Early treatments for IVDD may be simple cage rest in which the dog is restricted from jumping. Treatment with corticosteroids to alleviate spinal cord pain can be dangerous because dogs that are pain-free tend to become more active (instead of rest) with the consequence that additional intervertebral disc can herniate and irreversibly compress the already damaged spinal cord. 

Surgical therapy is used if the dog is not improving or getting worse with cage rest and if signs of incoordination are present. Surgery should be performed immediately if signs of paralysis are present. If a dog suffering paralysis from a compressed or slipped disc goes without surgery for more than 24 hours, the damage may become permanent

By Dr. Simon Petersen-Jones

 

 
 
  
 Progressive retinal atrophy (PRA) is the name given to a group of conditions that are inherited and result in a progressive loss of vision leading to blindness. The disease targets the photoreceptors in the retina. These are the cells that convert the picture formed on the retina at the back of the eye into electrical messages that are conveyed to the brain, the retina being the equivalent of the film in a camera.

Several different forms of PRA occur with each different form being caused by a different gene mutation. PRA is described in many breeds of dog, with one survey reporting that over 100 different breeds may suffer from it. It is known that some forms of PRA affect more than one breed of dog, for example the progressive rod cone degeneration (prcd) form of PRA is known to affect several different breeds. However, other forms of PRA seem to be breed-specific.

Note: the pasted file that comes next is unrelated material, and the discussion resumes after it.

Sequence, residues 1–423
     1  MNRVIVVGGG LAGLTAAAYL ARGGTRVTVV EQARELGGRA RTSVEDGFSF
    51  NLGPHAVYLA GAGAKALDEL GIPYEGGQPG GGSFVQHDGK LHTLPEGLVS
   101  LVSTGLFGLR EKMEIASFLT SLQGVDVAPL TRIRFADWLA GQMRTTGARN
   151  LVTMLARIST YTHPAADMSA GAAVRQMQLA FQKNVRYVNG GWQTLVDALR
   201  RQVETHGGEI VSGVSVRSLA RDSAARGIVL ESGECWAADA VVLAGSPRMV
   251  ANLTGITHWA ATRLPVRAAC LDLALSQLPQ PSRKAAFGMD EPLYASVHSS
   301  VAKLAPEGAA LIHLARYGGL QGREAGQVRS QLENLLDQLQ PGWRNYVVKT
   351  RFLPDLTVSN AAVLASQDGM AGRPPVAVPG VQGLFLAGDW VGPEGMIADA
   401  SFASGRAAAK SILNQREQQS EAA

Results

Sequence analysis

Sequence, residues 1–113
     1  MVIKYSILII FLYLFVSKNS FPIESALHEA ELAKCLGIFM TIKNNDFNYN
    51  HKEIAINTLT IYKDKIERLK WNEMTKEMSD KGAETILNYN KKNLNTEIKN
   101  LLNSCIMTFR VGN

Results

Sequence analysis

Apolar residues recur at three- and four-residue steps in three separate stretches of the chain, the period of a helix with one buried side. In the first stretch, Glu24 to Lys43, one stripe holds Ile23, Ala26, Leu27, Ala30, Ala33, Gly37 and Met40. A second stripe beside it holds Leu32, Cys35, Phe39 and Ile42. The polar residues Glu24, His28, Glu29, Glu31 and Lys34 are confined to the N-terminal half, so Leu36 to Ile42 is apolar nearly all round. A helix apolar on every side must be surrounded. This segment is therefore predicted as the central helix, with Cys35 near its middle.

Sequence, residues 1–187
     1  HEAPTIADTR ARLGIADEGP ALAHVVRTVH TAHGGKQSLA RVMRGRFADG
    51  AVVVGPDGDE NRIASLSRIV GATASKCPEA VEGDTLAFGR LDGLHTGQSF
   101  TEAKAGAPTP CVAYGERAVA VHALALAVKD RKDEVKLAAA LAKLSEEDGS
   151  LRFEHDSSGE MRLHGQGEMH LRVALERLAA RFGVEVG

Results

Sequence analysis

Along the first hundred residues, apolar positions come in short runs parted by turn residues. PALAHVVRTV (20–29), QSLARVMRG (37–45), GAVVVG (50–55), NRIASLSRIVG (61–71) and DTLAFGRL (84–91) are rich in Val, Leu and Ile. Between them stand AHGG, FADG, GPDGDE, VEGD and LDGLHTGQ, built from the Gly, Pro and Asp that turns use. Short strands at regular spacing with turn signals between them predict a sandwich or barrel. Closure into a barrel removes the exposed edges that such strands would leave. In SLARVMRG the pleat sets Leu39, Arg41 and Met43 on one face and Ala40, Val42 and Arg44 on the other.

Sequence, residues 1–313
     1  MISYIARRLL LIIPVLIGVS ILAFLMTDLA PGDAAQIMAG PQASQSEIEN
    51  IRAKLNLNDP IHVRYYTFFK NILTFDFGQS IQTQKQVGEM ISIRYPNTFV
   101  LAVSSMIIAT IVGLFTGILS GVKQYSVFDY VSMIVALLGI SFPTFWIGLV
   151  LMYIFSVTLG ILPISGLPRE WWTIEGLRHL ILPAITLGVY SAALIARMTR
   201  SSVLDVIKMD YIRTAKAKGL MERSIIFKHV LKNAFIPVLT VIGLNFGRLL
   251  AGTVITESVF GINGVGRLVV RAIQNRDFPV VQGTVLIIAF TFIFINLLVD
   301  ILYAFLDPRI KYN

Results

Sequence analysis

It is therefore difficult to predict how many different forms of PRA exist. Research into retinitis pigmentosa in humans, which is the human equivalent of PRA, shows that there are over 30 different forms and over 130 genes known to cause hereditary retinal diseases of all forms. We can expect that dogs suffer from a many different forms of PRA. The retina is a complex structure and its formation and continued function are controlled by a large number of genes.

Potentially mutations in any of the genes that govern retinal structure and function could cause a disease such as PRA. The potentially large numbers of different forms of PRA makes studies to detect the gene mutation that causes the disease in any one breed difficult.

 

Inheritance patterns of PRA 

 

The majority of forms of PRA are inherited in an autosomal recessive manner, although dominant and X-linked forms have been identified. Autosomal recessive diseases require that both copies of the disease gene are abnormal for the dog to develop the disease itself. Thus one abnormal copy of the gene is received from the dam and one from the sire. Dogs that have one abnormal copy and one normal copy are described as carriers. Carriers do not develop the disease themselves but they will pass on the abnormal gene to approximately 50% of their offspring. This has the effect that the condition will skip generations. Recessive diseases are particularly difficult to eradicate without a genetic test.